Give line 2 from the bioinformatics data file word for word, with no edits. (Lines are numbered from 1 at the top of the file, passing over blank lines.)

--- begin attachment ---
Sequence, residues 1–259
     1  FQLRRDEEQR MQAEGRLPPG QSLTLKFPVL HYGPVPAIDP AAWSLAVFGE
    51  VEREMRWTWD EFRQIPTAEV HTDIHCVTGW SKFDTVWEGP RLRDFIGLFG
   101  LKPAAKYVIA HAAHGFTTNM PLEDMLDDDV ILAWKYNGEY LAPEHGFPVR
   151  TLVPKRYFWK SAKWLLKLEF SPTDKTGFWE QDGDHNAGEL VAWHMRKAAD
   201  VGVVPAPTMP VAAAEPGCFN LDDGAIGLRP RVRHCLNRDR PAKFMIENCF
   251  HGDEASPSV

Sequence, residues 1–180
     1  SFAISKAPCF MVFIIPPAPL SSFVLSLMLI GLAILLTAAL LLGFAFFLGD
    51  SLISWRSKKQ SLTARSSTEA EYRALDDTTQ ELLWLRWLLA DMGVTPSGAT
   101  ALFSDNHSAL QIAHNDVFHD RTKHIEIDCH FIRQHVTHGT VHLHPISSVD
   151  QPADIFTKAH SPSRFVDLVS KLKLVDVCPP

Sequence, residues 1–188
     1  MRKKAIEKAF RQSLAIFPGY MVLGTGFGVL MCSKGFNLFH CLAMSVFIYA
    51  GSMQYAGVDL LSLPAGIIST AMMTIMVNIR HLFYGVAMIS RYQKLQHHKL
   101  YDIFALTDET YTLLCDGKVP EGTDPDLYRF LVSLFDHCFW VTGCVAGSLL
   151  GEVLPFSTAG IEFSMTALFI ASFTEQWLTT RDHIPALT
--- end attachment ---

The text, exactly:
     1  FQLRRDEEQR MQAEGRLPPG QSLTLKFPVL HYGPVPAIDP AAWSLAVFGE